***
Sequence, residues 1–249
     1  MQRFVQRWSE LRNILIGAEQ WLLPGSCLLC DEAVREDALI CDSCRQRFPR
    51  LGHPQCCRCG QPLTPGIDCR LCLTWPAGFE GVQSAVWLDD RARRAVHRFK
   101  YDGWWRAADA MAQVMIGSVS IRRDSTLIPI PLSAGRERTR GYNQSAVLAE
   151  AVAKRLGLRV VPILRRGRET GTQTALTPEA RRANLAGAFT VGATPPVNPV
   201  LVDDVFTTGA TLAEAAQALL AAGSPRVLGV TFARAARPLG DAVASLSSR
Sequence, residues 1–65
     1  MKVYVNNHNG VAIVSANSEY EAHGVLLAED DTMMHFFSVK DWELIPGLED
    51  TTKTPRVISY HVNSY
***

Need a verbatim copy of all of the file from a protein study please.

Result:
Sequence, residues 1–249
     1  MQRFVQRWSE LRNILIGAEQ WLLPGSCLLC DEAVREDALI CDSCRQRFPR
    51  LGHPQCCRCG QPLTPGIDCR LCLTWPAGFE GVQSAVWLDD RARRAVHRFK
   101  YDGWWRAADA MAQVMIGSVS IRRDSTLIPI PLSAGRERTR GYNQSAVLAE
   151  AVAKRLGLRV VPILRRGRET GTQTALTPEA RRANLAGAFT VGATPPVNPV
   201  LVDDVFTTGA TLAEAAQALL AAGSPRVLGV TFARAARPLG DAVASLSSR
Sequence, residues 1–65
     1  MKVYVNNHNG VAIVSANSEY EAHGVLLAED DTMMHFFSVK DWELIPGLED
    51  TTKTPRVISY HVNSY